Another, more complicated case, is the "Bulgarian nurses" crisis. They were freed in 2007 after 8 and a half years of captivity in Libya in exchange for diplomatic gains granted to Gaddafi.

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Was there any terrorist operation that was succesful for the hostage taker side? And when I mean ''succesful'' I mean reaching their objective like money, political change etc.

Yes. Dreaded terrorist Masood Azhar's release by the government of India is what I can think of.

From Wikipedia

In early 1994, Azhar travelled to Srinagar under a fake identity, to ease tensions between Harkat-ul-Ansar's feuding factions of Harkat-ul-Jihad al-Islami and Harkat-ul-Mujahideen. India arrested him in February from Khanabal near Anantnag and imprisoned him for his terrorist activities with the groups.

Four years later, in December 1999, an Indian Airlines Flight 814 (IC814) en route from Kathmandu in Nepal to New Delhi was hijacked and eventually landed in Kandahar, Afghanistan after being flown to multiple locations. Kandahar at that time was controlled by Taliban, which was initially thought to be on India's side, but later was suggested to be working with Pakistan's ISI. Masood Azhar was one of the three militants demanded to be released in exchange for freeing the hostages. Subsequently, Azhar was freed by the Indian government in a decision criticised by many including Ajit Doval as a "diplomatic failure". The hijackers of IC814 were led by Masood Azhar's brother, Ibrahim Athar.

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Yes.

In February 2014, the Russian army stood "not ahead, but behind" Crimean women and children, effectively taking them hostages to prevent Ukrainian army to stand for defending Crimea.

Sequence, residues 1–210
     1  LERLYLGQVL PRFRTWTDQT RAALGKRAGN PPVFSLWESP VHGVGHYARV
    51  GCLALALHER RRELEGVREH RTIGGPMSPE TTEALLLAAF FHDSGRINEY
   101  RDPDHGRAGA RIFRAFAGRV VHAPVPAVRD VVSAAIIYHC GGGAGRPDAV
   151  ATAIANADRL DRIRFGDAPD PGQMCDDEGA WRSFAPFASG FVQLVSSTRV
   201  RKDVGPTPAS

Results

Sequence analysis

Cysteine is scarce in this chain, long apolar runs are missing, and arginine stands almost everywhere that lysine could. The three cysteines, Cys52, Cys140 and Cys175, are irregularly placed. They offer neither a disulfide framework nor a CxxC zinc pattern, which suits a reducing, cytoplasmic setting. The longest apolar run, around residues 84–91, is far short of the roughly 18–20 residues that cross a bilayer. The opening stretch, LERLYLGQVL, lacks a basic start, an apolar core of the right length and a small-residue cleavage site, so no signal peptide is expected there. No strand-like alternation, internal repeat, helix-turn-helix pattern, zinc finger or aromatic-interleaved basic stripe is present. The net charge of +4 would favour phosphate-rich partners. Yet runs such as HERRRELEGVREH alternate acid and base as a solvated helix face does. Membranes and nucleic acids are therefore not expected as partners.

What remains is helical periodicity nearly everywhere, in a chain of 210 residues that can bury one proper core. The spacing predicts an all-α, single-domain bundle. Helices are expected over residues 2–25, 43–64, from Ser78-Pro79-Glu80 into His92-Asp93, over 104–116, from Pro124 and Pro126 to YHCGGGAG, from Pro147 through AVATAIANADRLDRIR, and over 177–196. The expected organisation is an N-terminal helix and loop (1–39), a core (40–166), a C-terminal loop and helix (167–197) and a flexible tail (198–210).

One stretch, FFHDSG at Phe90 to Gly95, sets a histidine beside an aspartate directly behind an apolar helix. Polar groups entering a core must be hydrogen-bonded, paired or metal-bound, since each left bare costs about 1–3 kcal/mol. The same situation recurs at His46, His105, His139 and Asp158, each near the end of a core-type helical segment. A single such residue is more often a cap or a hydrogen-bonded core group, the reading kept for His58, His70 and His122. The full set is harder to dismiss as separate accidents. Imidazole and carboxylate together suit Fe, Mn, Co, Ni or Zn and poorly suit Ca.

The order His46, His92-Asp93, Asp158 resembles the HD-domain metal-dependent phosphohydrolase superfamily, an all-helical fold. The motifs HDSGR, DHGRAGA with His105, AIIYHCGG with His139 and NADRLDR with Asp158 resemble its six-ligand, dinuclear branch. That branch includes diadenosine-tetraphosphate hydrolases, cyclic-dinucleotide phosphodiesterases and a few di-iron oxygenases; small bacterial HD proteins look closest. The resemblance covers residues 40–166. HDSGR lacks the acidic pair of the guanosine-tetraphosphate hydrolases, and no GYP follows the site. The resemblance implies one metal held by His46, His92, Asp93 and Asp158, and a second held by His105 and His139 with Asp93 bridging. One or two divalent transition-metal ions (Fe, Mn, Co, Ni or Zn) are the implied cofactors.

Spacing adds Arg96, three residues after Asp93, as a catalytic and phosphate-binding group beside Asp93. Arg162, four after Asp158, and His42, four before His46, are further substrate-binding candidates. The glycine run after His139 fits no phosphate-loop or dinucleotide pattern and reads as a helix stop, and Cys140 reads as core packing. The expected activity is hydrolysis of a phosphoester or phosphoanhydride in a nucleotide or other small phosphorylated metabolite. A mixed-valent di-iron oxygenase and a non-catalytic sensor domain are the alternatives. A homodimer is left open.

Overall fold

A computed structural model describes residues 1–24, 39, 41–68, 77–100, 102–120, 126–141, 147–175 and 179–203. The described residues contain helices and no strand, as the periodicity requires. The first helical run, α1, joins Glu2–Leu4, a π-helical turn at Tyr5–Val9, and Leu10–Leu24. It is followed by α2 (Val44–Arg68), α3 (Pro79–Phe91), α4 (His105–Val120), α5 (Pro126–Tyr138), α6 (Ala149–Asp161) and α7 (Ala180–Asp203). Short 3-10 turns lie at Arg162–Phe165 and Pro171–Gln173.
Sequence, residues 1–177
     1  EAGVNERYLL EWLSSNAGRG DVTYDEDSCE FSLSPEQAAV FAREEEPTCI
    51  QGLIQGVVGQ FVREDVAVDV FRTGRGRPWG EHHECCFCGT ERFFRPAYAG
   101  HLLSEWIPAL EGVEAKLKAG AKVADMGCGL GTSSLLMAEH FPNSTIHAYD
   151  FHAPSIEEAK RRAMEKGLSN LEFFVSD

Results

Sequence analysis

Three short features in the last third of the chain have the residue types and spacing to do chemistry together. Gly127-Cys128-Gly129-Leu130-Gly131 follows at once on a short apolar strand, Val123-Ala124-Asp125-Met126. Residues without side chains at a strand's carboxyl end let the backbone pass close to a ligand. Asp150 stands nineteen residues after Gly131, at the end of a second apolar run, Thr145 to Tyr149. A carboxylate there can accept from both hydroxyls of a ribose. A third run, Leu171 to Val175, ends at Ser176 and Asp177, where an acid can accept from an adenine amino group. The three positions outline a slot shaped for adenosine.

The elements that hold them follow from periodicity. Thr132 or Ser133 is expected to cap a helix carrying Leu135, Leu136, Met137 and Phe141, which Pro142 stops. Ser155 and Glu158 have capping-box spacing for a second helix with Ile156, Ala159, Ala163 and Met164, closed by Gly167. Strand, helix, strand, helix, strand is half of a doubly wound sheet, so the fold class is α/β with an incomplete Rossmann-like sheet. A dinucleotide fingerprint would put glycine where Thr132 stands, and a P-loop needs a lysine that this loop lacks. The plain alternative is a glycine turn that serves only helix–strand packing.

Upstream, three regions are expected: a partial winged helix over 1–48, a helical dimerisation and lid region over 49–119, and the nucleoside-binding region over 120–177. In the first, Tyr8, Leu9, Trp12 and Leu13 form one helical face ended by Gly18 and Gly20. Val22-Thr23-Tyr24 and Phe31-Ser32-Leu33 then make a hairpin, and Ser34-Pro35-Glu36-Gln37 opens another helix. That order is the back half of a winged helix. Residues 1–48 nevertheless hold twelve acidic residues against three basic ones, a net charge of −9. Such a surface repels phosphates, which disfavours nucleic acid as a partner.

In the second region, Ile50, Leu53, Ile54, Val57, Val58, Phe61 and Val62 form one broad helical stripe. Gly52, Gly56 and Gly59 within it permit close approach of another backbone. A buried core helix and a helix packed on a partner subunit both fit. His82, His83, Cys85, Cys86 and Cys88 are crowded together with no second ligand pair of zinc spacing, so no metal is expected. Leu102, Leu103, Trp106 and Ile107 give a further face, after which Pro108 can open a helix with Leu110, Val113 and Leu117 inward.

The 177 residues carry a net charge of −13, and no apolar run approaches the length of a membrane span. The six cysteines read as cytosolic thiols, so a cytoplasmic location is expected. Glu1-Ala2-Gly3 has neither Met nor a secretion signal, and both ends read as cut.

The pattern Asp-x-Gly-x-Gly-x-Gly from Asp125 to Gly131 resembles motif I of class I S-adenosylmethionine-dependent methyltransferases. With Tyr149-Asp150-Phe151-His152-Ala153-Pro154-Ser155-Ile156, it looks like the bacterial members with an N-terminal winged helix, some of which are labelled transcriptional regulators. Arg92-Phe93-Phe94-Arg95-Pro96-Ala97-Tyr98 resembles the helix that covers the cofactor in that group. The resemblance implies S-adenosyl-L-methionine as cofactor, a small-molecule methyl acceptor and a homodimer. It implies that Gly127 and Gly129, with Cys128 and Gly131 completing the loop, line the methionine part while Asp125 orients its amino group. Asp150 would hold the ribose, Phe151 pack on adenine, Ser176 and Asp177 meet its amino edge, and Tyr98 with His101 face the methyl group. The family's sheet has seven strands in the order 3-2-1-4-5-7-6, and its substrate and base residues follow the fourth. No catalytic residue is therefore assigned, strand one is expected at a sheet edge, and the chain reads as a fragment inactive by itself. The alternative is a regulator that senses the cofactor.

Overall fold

Russia's Putin has personally confessed this in his interview. Direct speech, YouTube video, English subbed.

The English translation happily sits at kremlin.ru, the official media outlet of Moscow's regime (highlight mine)

[…] And let’s see those troops try to shoot their own people, with us behind them – not in the front, but behind. Let them just try to shoot at women and children! I would like to see those who would give that order in Ukraine.

The operation has reached its objective. Ukrainian army did not stand up for defending Crimea, and Russia is currently (late 2020) controlling the entire peninsula:

Putin has kept his promise, and has used Ukrainian civilians as human shields throughout Russia’s invasion, partial occupation, and ongoing warfare against Ukraine. — Radio Lemberg


Stack Exchange Users' Various Definitions of Terrorism

Addressing a statement expressed in a comment claiming that the definition of "terrorism" versus "war crimes" might be different depending on who commits the act in question, be it a state or an individual.